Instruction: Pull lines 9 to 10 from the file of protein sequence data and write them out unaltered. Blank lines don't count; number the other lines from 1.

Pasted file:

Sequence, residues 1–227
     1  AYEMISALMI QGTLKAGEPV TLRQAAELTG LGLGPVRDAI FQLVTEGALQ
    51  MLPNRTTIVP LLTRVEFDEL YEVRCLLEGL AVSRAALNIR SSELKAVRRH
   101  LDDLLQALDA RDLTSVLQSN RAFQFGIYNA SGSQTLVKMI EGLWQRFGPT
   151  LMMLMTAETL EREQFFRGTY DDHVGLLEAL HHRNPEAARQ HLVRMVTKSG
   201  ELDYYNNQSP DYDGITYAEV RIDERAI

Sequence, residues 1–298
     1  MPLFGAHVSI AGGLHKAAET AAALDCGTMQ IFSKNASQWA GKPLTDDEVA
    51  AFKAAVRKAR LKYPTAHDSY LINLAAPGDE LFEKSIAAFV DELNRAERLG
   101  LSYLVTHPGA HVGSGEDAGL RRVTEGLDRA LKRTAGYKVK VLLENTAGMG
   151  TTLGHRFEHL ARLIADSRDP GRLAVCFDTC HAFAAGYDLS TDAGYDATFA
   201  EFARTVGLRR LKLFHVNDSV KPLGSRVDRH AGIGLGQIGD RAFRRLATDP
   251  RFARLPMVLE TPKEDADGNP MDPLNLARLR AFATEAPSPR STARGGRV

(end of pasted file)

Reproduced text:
    51  AFKAAVRKAR LKYPTAHDSY LINLAAPGDE LFEKSIAAFV DELNRAERLG
   101  LSYLVTHPGA HVGSGEDAGL RRVTEGLDRA LKRTAGYKVK VLLENTAGMG